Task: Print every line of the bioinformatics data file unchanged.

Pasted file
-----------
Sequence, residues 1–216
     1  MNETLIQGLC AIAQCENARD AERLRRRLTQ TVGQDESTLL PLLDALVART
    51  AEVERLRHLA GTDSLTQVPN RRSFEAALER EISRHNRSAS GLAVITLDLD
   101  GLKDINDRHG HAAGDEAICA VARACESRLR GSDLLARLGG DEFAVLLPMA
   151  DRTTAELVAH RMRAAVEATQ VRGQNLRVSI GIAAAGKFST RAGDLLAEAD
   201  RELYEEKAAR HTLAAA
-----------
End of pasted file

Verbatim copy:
Sequence, residues 1–216
     1  MNETLIQGLC AIAQCENARD AERLRRRLTQ TVGQDESTLL PLLDALVART
    51  AEVERLRHLA GTDSLTQVPN RRSFEAALER EISRHNRSAS GLAVITLDLD
   101  GLKDINDRHG HAAGDEAICA VARACESRLR GSDLLARLGG DEFAVLLPMA
   151  DRTTAELVAH RMRAAVEATQ VRGQNLRVSI GIAAAGKFST RAGDLLAEAD
   201  RELYEEKAAR HTLAAA